Wednesday, March 29, 2017

ACCUQUILT Go! Is Great for Speed Piecing and Stash Busting

I was first introduced to the ACCUQUILT GO! Die cutter a little over four years ago at my local quilt shop. One of my quilting friends had the machine, a few dies and the cutting mats for them. I tried using it to cut out tumbler shapes from Halloween fabrics. It was the easiest and most efficient way to cut out a charm quilt.


Charm quilts are usually made from a single shape and from many different fabrics. The tumbler is a very old quilting shape and has been around for a very long time. I had never used that shape to make a quilt. Two of my friends and I decided to share all of our various Halloween fabric collections and cut tumbler shapes to make quilts. I spent an entire Sunday afternoon die cutting tumbler shapes from hundreds of spooky and fun novelty fabrics. Each of us got 1 or more tumbler of each fabric.

There are two very important advantages to the ACCUQUILT Go! The first is accuracy. Even though I consider myself an expert quilter, and I have been using rulers, rotary cutters and mats since they first hit the market in the late 1980s, I find it next to impossible to get the consistency and accuracy of shapes cut with ACCUQUILT when I manually cut them with a rotary tool set.

The second advantage is speed. I find that I can only accurately and quickly use my rotary tools to cut 4 layers of fabric, but with the ACCUQUILT, I can cut 6 layers of shapes several times in the same amount of time. There is no twisting and turning of the fabric you are cutting when there are angular shapes. I do use my rotary tools to trim up the fabric into pieces to run thru the die machine, but after loading it and with a few simple and fast turns of the crank handle, I have my perfect shapes every time.

I have noticed that because the pieces are accurate and consistent, my piecing goes faster and the seams always match up with little to no effort on my part. This is due to the notches cut into the corner of the tumbler shape which assist the sewer in properly lining up the edges when sewing the seams. While not all of the myriad of die shapes have these, many of them do and it is a real time saver and plus for the sewing perfectionist.

In an attempt to declutter and downsize my fabric stash, as well as create some quilt tops for charity, I spent last Friday afternoon, slicing and dicing and die cutting three different sets of shapes from most of my novelty fabrics. I had an over abundance of fish fabrics that were leftover from a quilt I made years ago for my beloved dad. I also had tons of fat quarters in juvenile prints and really bright fabrics. And there was that stash of camouflage fabrics I had purchased during the paintball years. Finally, I was surprised to find a large stack of cowboy, western and horse imprinted fabrics that I had acquired when I was into country western line dancing almost 20 years ago. I am sure I had purchased them to make a themed quilt for a certain two stepping cowboy I knew, but he passed away years ago and it was time to do something with them.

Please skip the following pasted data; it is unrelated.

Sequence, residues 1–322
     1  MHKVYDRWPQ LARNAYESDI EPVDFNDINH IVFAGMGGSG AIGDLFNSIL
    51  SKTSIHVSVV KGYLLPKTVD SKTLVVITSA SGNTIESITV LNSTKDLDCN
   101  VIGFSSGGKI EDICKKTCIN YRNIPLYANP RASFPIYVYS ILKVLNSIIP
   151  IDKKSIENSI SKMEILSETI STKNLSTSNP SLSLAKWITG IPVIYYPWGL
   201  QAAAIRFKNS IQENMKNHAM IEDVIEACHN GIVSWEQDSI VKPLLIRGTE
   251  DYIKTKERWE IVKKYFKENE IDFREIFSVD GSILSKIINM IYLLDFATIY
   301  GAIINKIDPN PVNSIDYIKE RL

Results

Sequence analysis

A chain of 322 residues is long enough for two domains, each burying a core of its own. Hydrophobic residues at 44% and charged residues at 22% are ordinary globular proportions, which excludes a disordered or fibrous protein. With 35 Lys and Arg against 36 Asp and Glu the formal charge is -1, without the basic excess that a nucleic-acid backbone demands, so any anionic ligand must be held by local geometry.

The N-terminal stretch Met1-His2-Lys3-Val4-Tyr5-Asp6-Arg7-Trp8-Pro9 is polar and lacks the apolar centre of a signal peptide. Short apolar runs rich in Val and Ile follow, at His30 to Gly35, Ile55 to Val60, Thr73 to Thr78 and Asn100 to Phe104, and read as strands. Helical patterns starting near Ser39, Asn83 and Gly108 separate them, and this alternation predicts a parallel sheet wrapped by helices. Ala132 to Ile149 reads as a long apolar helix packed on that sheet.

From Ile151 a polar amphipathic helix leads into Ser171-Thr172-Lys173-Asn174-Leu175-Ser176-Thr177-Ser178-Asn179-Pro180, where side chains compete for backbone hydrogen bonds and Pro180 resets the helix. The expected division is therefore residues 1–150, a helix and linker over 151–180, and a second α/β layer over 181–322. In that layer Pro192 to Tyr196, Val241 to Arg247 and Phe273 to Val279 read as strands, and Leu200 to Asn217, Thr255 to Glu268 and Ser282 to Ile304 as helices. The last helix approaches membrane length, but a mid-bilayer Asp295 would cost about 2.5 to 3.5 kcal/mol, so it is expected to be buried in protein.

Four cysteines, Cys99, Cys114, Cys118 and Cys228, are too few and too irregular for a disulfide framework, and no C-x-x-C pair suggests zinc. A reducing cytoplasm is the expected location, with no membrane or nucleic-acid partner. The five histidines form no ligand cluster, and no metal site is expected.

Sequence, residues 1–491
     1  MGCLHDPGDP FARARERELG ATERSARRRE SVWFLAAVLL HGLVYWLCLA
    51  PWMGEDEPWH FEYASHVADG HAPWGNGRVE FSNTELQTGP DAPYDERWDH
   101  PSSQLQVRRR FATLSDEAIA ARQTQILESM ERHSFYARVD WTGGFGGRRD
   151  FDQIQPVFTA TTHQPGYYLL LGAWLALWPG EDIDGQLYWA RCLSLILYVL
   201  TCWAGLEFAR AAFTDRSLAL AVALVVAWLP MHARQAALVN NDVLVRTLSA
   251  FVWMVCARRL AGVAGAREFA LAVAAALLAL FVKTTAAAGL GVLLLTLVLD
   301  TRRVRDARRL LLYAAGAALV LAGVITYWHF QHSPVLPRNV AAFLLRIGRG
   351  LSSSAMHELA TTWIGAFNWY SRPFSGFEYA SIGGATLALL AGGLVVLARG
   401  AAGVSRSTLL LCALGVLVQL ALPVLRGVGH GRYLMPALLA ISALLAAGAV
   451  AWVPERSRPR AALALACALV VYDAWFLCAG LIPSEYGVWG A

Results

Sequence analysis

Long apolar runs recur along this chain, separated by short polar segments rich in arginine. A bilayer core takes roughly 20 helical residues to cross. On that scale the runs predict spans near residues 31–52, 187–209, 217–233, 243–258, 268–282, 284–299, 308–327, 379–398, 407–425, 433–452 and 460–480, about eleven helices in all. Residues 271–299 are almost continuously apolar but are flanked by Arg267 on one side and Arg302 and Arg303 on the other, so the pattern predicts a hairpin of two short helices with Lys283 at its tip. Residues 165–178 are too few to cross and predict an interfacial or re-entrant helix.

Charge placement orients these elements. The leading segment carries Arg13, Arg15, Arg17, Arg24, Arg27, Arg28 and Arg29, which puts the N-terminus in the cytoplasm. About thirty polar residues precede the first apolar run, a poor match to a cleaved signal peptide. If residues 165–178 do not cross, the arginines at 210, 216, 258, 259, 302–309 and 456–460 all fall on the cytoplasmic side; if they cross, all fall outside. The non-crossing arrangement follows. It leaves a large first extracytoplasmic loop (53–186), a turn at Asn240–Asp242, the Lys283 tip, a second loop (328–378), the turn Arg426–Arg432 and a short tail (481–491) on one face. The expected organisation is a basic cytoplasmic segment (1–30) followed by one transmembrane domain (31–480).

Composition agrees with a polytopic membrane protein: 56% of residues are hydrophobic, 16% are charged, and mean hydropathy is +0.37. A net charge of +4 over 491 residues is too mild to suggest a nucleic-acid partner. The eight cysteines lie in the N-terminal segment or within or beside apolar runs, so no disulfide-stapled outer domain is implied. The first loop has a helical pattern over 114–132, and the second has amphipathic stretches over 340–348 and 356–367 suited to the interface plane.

One Saturday, armed with my machine, sewing supplies and a large ziploc bag full of tumbler and half tumbler blocks I headed off to a local church to spend the day sewing with a very lovely group of quilters. I managed in one afternoon to piece together 10 rows of 16 tumblers each from the fish fabrics to almost complete a top. On Sunday, I finished piecing the rows together and made a few more to right size the quilt for a queen sized bed. I still needed to add borders, but I saved some of the large chunks of pretty aquatic fabrics to use for backing, borders and binding. I think that's pretty fast piecing.

I originally ended up with three large bags of blocks to piece together from all those fabrics. Some are half hexagons, which will form whole hexagon blocks and are easier to piece than a full hexagon. The other shapes are equilateral triangles which will be made in to baby and kids quilts for charity. I have gone through two and a half of them.

I also use them to cut out applique shapes in freezer paper both for myself for applique quilts as well as for teaching some applique classes. I find perfect circles to be a problem for many and Accuquilt circles solve this problem for me time and time again!


If you are thinking about buying one of these die cutters, I say go for it. Mine has enabled me to use up a good chunk of my fabric stash, make quilts faster and more accurately and that is always a good thing. I see a lot of quilters asking online if the die cutters are worth the investment. I would stRt out with the cutter, a die and may or two and go from there. I would go out and invest in every die and mat they make, because you probably won't use them all. If you belong to a group, sewing circle, guild or quilting bee, it might be worthwhile to see if anyone I that group already has the cutter and just invest in the die and mats. You may be able to strike a deal with your friend to use their cutting machine in exchange for use of your die and mats if they differ,from ones they already have. Sharing is good in this case.

In closing, I would like to state that in no way shape or form am I being compensated by Accuquilt to endorse or blog about their products. I just feel as if I can help to shed some light on how wonderful their die cut products are for anyone that might be on the fence about purchasing them.

#accuquilt #diecuttersrock #tumblerquilts #dianefamaquiltdesigns #lovemyjob #love2longarm #love2quilt #usingupmystash
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